NO SURE THING
Fitzgerald was pretty frank when asked about how the current development camp affects a player’s chances for making a roster spot with Pittsburgh.
“It affects it very little,” he said. “This isn’t a tryout for guys. It’s an opportunity to come in and grow as a group. There will be first impressions. Every time that you see somebody you have a first impression on a kid.
“You come in as a draft pick. You’re nervous in the first year, and you’re not sure what to do. But you try to instill the leadership part on the older guys to let some of these younger guys lean on them with questions to make them feel more at home and more comfortable so that they can just go out and do what they do. As far as going into September, the camp makes very little difference, because this is July, and it’s basically a classroom type of environment where we’re trying to instill some things off the ice and try to control what we can do on the ice.”
One of the keys to the development camp is teaching the players how to take care of their bodies – meaning what to eat, drink and supplements to take, as well as the proper workout and conditioning programs.
While the camp only lasts a week, the Penguins organization stays on top of all their prospects throughout the year to make sure they are sticking with the program and getting into the best possible shape. ??
“That’s one thing that we do as an organization. We are on top of their off-ice conditioning and whom they work out with,” Fitzgerald said. “Myself, Mike Kadar – the strength coach here – and Joe Lawrence – the strength coach in Wilkes-Barre – we stay on top of these guys through e-mails and through their conditioning coaches. We know exactly where they’re at. When we bring them in on July 12, we can see them firsthand.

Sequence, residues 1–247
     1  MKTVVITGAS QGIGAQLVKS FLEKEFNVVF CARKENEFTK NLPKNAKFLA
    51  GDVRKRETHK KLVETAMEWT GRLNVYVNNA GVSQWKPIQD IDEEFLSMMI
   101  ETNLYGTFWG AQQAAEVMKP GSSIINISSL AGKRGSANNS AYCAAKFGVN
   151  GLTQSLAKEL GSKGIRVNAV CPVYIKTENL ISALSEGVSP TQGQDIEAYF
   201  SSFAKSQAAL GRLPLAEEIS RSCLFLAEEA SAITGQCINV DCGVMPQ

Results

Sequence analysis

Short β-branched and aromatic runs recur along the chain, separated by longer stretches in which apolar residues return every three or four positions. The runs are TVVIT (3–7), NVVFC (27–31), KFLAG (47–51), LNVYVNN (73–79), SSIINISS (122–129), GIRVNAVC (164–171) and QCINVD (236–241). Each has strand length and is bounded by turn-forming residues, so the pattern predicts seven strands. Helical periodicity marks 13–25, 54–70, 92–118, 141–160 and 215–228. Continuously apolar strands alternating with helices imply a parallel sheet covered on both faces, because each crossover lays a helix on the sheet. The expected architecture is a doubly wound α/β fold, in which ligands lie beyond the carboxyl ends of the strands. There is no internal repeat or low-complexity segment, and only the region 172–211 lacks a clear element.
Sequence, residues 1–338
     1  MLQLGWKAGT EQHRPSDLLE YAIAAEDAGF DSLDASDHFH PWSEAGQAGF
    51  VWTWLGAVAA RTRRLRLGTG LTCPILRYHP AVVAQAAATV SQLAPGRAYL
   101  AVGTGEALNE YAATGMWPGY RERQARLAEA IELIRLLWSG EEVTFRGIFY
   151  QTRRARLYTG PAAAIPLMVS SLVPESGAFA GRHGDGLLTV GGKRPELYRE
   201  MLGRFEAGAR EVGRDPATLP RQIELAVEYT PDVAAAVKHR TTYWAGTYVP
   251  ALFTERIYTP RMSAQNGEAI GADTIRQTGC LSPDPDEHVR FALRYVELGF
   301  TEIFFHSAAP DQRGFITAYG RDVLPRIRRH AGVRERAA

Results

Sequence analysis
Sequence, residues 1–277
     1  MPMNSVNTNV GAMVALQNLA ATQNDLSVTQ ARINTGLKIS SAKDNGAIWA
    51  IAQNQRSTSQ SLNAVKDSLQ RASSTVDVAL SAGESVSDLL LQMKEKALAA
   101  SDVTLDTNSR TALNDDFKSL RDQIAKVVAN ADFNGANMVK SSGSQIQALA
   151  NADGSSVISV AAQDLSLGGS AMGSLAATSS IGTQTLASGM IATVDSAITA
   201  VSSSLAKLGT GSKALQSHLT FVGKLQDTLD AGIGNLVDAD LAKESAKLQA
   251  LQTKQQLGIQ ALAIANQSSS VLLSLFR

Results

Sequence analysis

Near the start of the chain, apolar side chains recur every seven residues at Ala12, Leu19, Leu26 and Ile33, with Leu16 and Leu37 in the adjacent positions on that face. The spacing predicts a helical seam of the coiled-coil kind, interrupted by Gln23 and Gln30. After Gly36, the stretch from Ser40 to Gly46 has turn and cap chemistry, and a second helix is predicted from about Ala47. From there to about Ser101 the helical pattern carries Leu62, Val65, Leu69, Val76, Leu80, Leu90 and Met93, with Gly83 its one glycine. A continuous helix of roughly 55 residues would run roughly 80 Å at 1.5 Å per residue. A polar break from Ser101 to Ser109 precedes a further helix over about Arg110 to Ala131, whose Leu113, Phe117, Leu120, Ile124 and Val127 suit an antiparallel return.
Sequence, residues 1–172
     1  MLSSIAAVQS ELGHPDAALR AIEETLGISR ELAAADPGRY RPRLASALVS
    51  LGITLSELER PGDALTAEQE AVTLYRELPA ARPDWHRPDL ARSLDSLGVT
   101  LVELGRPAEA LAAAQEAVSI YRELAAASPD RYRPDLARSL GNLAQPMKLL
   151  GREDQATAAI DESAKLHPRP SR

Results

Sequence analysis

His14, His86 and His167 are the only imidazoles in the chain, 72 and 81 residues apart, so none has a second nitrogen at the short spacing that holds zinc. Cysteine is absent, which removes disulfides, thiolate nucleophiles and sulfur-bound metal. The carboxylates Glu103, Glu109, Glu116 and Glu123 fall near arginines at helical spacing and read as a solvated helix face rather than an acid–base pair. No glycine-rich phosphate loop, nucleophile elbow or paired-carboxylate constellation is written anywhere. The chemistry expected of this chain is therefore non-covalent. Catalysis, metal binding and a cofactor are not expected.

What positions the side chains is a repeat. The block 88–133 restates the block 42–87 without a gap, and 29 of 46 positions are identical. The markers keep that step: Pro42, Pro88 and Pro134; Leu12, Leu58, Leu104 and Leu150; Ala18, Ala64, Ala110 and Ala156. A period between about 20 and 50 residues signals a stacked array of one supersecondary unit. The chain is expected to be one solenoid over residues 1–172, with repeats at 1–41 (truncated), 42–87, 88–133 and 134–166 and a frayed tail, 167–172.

“I can’t be in Montreal or Minnesota or Boston. I can’t be in all of these places. The trust factor that you have used to educate these kids pretty well means that they go home and it clicks and they get it. They know what is needed and what they need to do as pro hockey players – not just saying they want to be pro hockey players but doing. Saying and doing are two different things.”
The Penguins staff gets their first firsthand look at the prospects conditioning during their fitness and medical evaluations at UPMC Sports Medicine Complex on the South Side. The testing was conducted early Tuesday morning, and even Fitzgerald acknowledged that it is the most difficult portion of the camp.
“Definitely the hardest,” he said. “They’re at the rink here at about 6:30-6:45 a.m. They’re off on the bus. The anxiety is built up, because testing is hard. You put your body through an exhausting morning of full-out (exercise) until you almost drop.
“You talk about first impressions, and that is the initial first impression. What kind of shape are these kids in? What kind of shape are our second- and third-year guys in? The anxiety level – I know it well. I still remember it like it was yesterday with a short five years ago at my last camp. You get nervous. I’m an 18-year veteran, and I’m still nervous about how to test. What you do is what they see and what they think of you, because it’s a first impression.”